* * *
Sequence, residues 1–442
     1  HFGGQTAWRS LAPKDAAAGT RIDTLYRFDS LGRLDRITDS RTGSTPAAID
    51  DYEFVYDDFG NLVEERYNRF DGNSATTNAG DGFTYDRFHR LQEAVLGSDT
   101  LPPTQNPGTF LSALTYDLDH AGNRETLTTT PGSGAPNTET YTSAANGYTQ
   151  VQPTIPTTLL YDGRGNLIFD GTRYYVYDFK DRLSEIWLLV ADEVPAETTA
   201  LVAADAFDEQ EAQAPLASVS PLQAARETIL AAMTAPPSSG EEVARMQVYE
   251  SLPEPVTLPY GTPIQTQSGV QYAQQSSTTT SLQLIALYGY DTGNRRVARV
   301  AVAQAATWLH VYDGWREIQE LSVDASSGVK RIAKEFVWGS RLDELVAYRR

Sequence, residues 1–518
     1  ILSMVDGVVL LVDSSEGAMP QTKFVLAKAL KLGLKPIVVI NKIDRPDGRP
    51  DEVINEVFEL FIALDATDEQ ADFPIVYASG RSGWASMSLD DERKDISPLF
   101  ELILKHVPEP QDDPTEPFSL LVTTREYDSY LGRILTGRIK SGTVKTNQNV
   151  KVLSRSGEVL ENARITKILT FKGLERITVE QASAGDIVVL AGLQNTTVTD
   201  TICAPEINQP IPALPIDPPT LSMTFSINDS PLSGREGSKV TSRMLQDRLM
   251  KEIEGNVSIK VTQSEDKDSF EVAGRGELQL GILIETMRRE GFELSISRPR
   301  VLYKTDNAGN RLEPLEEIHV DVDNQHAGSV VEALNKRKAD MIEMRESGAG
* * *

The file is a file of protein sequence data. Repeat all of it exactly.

Sequence, residues 1–442
     1  HFGGQTAWRS LAPKDAAAGT RIDTLYRFDS LGRLDRITDS RTGSTPAAID
    51  DYEFVYDDFG NLVEERYNRF DGNSATTNAG DGFTYDRFHR LQEAVLGSDT
   101  LPPTQNPGTF LSALTYDLDH AGNRETLTTT PGSGAPNTET YTSAANGYTQ
   151  VQPTIPTTLL YDGRGNLIFD GTRYYVYDFK DRLSEIWLLV ADEVPAETTA
   201  LVAADAFDEQ EAQAPLASVS PLQAARETIL AAMTAPPSSG EEVARMQVYE
   251  SLPEPVTLPY GTPIQTQSGV QYAQQSSTTT SLQLIALYGY DTGNRRVARV
   301  AVAQAATWLH VYDGWREIQE LSVDASSGVK RIAKEFVWGS RLDELVAYRR

Sequence, residues 1–518
     1  ILSMVDGVVL LVDSSEGAMP QTKFVLAKAL KLGLKPIVVI NKIDRPDGRP
    51  DEVINEVFEL FIALDATDEQ ADFPIVYASG RSGWASMSLD DERKDISPLF
   101  ELILKHVPEP QDDPTEPFSL LVTTREYDSY LGRILTGRIK SGTVKTNQNV
   151  KVLSRSGEVL ENARITKILT FKGLERITVE QASAGDIVVL AGLQNTTVTD
   201  TICAPEINQP IPALPIDPPT LSMTFSINDS PLSGREGSKV TSRMLQDRLM
   251  KEIEGNVSIK VTQSEDKDSF EVAGRGELQL GILIETMRRE GFELSISRPR
   301  VLYKTDNAGN RLEPLEEIHV DVDNQHAGSV VEALNKRKAD MIEMRESGAG